Limiting inquiry in order to protect relationships and status 

For some people, the need to belong to and be esteemed by a group interferes with their capacity to engage in robust inquiry activities such as asking probing questions, suggesting alternative ideas or offering hypotheses that contradict those of others in the group. However, a focus on preserving group harmony can lead to superficial definition and exploration of problems, cognitive bias in reviewing the evidence, and inappropriate and ineffective solutions. 

Another danger is to view problem solving as a competition and seek to prove yourself as the group member with the correct hypothesis or best solution. This means that valuable energy is spent advocating for proposals and opinions, and criticising those of others, and not in exploring problems and issues in depth and from a range of perspectives. You can overcome this tendency by spending time building relationships to support risk taking and honest dialogue in the group, and using clear processes to manage group behaviour, ensure equal participation and encourage professional critique.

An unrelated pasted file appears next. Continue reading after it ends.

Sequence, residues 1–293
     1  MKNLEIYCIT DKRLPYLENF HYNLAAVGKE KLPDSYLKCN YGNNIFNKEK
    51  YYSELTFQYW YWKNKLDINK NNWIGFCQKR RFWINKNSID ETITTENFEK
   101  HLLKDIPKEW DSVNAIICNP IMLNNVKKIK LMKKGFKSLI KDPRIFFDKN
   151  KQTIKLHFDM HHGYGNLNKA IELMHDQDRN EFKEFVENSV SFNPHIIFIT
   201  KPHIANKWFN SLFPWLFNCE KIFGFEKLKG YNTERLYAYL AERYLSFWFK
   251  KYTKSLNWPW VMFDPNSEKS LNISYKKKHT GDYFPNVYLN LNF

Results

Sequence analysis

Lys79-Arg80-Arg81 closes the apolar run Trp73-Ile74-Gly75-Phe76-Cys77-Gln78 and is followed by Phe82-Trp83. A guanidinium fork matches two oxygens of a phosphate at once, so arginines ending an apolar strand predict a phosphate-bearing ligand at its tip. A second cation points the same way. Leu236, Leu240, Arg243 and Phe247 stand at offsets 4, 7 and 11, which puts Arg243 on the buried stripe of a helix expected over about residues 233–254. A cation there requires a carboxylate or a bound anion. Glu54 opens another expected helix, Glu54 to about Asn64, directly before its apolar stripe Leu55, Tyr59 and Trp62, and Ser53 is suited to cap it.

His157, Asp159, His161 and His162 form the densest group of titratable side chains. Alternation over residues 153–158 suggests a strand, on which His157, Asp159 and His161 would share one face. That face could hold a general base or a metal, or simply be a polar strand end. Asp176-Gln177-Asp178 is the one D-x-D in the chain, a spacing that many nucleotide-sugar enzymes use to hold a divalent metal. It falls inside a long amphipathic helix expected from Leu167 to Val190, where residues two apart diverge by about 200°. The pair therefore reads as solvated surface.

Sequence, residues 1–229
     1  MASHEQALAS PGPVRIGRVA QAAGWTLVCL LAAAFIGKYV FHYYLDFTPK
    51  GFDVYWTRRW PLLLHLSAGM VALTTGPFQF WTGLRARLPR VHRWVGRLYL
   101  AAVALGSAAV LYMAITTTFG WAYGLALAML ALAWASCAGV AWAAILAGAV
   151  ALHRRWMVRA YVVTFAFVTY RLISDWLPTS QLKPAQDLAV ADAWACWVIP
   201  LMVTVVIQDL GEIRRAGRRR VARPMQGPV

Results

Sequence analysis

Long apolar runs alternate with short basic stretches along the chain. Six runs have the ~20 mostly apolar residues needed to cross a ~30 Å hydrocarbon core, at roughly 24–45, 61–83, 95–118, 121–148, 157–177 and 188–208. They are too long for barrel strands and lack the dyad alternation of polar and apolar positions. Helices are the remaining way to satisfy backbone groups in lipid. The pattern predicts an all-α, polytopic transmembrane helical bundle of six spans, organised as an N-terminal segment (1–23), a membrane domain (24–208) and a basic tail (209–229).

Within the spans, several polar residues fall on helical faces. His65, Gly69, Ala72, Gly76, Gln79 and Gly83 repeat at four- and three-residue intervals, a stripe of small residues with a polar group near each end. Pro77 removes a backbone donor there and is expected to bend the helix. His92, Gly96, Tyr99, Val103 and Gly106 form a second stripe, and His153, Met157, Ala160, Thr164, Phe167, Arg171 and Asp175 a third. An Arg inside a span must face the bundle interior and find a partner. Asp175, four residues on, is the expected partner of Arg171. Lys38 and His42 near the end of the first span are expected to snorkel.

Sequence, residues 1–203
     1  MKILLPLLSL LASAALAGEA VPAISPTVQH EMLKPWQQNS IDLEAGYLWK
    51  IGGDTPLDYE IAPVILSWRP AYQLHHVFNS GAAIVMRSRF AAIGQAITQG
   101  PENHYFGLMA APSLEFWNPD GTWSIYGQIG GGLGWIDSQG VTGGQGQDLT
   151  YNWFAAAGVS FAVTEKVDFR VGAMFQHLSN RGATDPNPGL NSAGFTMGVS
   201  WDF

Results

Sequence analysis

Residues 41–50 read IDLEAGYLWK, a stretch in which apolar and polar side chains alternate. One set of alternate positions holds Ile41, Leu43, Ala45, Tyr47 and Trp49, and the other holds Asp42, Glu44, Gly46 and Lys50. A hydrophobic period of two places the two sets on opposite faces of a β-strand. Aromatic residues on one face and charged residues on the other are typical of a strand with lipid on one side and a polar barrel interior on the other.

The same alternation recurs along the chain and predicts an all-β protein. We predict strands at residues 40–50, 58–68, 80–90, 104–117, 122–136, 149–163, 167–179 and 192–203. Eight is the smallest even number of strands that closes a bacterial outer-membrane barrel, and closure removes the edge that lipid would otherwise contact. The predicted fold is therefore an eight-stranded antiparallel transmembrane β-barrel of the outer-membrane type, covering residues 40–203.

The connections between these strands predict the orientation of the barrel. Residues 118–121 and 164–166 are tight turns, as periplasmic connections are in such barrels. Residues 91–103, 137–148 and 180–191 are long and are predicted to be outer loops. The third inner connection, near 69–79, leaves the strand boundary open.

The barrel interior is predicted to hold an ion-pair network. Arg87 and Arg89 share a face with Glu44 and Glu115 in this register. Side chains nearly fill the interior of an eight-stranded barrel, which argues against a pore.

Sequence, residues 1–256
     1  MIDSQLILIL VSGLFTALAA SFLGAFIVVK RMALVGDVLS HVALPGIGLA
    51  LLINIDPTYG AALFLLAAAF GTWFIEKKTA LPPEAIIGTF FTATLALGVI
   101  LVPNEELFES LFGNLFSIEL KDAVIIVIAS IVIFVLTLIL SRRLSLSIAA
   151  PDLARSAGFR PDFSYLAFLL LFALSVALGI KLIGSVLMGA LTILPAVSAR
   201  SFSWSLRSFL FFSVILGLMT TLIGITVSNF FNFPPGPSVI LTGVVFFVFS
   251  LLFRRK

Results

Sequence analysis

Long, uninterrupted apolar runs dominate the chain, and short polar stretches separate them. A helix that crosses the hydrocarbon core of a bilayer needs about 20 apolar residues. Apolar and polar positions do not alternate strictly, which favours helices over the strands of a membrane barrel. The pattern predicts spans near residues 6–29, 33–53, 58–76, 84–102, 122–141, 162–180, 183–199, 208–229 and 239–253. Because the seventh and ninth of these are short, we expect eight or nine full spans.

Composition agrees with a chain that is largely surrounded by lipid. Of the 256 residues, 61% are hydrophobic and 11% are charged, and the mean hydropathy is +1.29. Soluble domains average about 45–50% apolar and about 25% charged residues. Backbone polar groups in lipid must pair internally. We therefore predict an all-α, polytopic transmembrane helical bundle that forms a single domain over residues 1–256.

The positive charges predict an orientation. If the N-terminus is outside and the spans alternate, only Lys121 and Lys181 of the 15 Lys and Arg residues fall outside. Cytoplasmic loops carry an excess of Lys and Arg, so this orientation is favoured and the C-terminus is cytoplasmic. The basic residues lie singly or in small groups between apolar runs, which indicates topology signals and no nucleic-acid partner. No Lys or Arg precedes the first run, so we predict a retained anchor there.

References 

Centre for Education Statistics & Evaluation. (2016). 5 essentials for effective evaluation. NSW: Department of Education. 

Katz, S., & Dack, L. A. (2014). Towards a culture of inquiry for data use in schools: Breaking down professional learning barriers through intentional interruption. Studies in Educational Evaluation, 42, 35–40. 

Ontario Leadership Strategy. (2011). Ideas into action for school and system leaders: Using data: Transforming potential into practice. Retrieved from: http://www.edu.gov.on.ca/eng/policyfunding/leadership/IdeasIntoActionBulletin5.pdf 

Timperley, H. (n.d.). Using evidence in the classroom for professional learning. Retrieved from: https://cdn.auckland.ac.nz/assets/education/about/schools/tchldv/docs/Using%20Evidence%20in%20the%20Classroom%20for%20Professional%20Learning.pdf 

By Dr Vicki Hargraves

PREPARED FOR THE EDUCATION HUB BY

Dr Vicki Hargraves

Vicki runs our ECE webinar series and also is responsible for the creation of many of our ECE research reviews. Vicki is a teacher, mother, writer, and researcher living in Marlborough. She recently completed her PhD using philosophy to explore creative approaches to understanding early childhood education. She is inspired by the wealth of educational research that is available and is passionate about making this available and useful for teachers.